LACROSSE

THE NATIONAL GAME OF THE IROQUOIS

Three generations of lacrosse players are featured in this handsome title that discusses lacrosse as a game, a sport, and an integral part of Iroquois culture. Collaborators Hoyt-Goldsmith and Migdale (Buffalo Days, 1997, etc.) introduce a contemporary young lacrosse player from upstate New York and describe the equipment, playing field, moves, and rules of modern lacrosse. The author also takes readers back to the beginnings of the game, describing the early Iroquois Confederacy, its government and organization, explaining that “lacrosse was a medicine game played for the well-being of the players, other individuals and the nation. The Iroquois also played in bad times, to cure or prevent disease, or to lift the hearts of the people.” She provides a history of early lacrosse as a sport in Canada and as an international game, the making of a traditional lacrosse stick, and a new version called box lacrosse. The author conveys her empathy for the Iroquois and the people of the Onondaga Nation, as well as a great deal of information, with an economy of words. The full-color photographs are appealing and well-placed, extending and enhancing the text. (glossary, index) (Picture book/nonfiction. 8-12)

Pub Date: April 15, 1998

ISBN: 0-8234-1360-8

Page Count: 32

Publisher: Holiday House

Review Posted Online: May 20, 2010

Kirkus Reviews Issue: April 15, 1998

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An eminently satisfying story of family, recovery, and growing into manhood.

REBOUND

In this prequel to Newbery Award–winning The Crossover (2014), Alexander revisits previous themes and formats while exploring new ones.

For Charlie Bell, the future father of The Crossover’s Jordan and Josh, his father’s death alters his relationship with his mother and causes him to avoid what reminds him of his dad. At first, he’s just withdrawn, but after he steals from a neighbor, his mother packs a reluctant Charlie off to his grandparents near Washington, D.C., for the summer. His grandfather works part-time at a Boys and Girls Club where his cousin Roxie is a star basketball player. Despite his protests, she draws him into the game. His time with his grandparents deepens Charlie’s understanding of his father, and he begins to heal. “I feel / a little more normal, / like maybe he’s still here, / … in a / as long as I remember him / he’s still right here / in my heart / kind of way.” Once again, Alexander has given readers an African-American protagonist to cheer. He is surrounded by a strong supporting cast, especially two brilliant female characters, his friend CJ and his cousin Roxie, as well as his feisty and wise granddaddy. Music and cultural references from the late 1980s add authenticity. The novel in verse is enhanced by Anyabwile’s art, which reinforces Charlie’s love for comics.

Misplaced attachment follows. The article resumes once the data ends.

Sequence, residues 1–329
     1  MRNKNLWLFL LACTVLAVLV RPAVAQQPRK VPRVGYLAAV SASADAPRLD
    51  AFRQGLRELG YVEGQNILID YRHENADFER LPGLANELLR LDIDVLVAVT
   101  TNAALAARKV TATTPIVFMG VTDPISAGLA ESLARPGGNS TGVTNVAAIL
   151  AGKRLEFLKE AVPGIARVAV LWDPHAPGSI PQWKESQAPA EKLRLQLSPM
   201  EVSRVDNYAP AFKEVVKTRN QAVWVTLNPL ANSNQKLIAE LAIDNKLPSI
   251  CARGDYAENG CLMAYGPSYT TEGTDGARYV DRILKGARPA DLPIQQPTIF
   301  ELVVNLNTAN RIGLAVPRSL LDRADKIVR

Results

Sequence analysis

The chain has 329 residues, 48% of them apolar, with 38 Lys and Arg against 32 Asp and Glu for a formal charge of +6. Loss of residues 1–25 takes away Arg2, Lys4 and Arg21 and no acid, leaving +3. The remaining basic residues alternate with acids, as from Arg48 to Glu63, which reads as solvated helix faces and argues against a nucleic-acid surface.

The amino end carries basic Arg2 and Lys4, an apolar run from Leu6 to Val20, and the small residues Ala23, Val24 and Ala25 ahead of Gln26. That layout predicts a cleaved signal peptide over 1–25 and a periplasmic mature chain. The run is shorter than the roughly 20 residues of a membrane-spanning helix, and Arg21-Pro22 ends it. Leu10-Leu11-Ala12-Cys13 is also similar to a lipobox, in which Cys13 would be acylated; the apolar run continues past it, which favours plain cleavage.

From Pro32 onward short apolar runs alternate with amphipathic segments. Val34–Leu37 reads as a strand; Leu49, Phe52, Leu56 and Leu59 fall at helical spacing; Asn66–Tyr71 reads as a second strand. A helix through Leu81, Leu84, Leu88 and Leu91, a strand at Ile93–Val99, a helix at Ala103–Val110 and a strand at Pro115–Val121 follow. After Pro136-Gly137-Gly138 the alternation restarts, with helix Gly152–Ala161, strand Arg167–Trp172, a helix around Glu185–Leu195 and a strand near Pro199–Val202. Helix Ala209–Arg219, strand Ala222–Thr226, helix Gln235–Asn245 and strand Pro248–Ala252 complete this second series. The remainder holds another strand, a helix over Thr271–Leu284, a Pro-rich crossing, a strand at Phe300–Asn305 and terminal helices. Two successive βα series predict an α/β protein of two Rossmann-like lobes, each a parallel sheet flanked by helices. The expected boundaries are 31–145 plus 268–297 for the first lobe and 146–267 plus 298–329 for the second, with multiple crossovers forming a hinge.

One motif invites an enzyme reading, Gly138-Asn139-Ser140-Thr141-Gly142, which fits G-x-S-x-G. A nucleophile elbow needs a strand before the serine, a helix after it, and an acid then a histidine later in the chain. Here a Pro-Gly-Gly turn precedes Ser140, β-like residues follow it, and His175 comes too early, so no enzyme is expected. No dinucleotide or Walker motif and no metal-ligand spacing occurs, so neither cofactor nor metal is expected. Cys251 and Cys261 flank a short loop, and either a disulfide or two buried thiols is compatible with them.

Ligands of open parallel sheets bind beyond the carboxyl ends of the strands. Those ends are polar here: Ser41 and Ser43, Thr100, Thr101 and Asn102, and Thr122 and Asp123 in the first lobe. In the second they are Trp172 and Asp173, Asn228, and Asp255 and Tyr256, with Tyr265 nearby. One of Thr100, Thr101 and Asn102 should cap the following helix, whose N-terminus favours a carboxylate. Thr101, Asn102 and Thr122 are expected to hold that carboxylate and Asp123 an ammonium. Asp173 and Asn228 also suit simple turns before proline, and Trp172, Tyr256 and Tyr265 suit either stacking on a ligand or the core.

An eminently satisfying story of family, recovery, and growing into manhood. (Historical verse fiction. 10-12)

Pub Date: April 2, 2018

ISBN: 978-0-544-86813-7

Page Count: 416

Publisher: HMH Books

Review Posted Online: March 4, 2018

Kirkus Reviews Issue: March 15, 2018

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Tris is a charmer, and readers will root for him all the way.

THE DOUGHNUT KING

From the Doughnut Fix series , Vol. 2

Twelve-year old Tris Levin has come to love the tiny upstate New York town of Petersville, where his family relocated from New York City in The Doughnut Fix (2018).

He cannot keep up with the demand of his booming doughnut business. He and his partner, Josh, decide the solution is to acquire an extremely costly robotic doughnut-making machine, but how to make it happen? Petersville’s shrinking population is causing it to lose the post office, and the library and school are at risk as well. An effort to make the town a foodie destination with Mom’s Station House restaurant and Tris’ Doughnut Stop as mainstays is just the beginning of a renewal plan. Tris reluctantly enters a televised kids’ cooking contest to try to win the big prize while advertising his town. Readers view the events and characters entirely through Tris’ thoughts as he narrates his own tale earnestly and honestly, learning much about himself. He makes and loses a friend, fellow contestant Keya, an Indian girl with whom he has lovely discussions of the Yiddish language and his family’s few Jewish traditions. (The book adheres to a white default.) His takes on the highs, lows, and draconian demands of the contest, hosted by the evil Chef JJ, are both hilarious and a spot-on spoof of reality shows. There are some surprise twists and a satisfying outcome.

Tris is a charmer, and readers will root for him all the way. (recipes, acknowledgements) (Fiction. 8-12)

Pub Date: May 7, 2019

ISBN: 978-1-4926-5544-2

Page Count: 336

Publisher: Sourcebooks Jabberwocky

Review Posted Online: Feb. 13, 2019

Kirkus Reviews Issue: March 1, 2019

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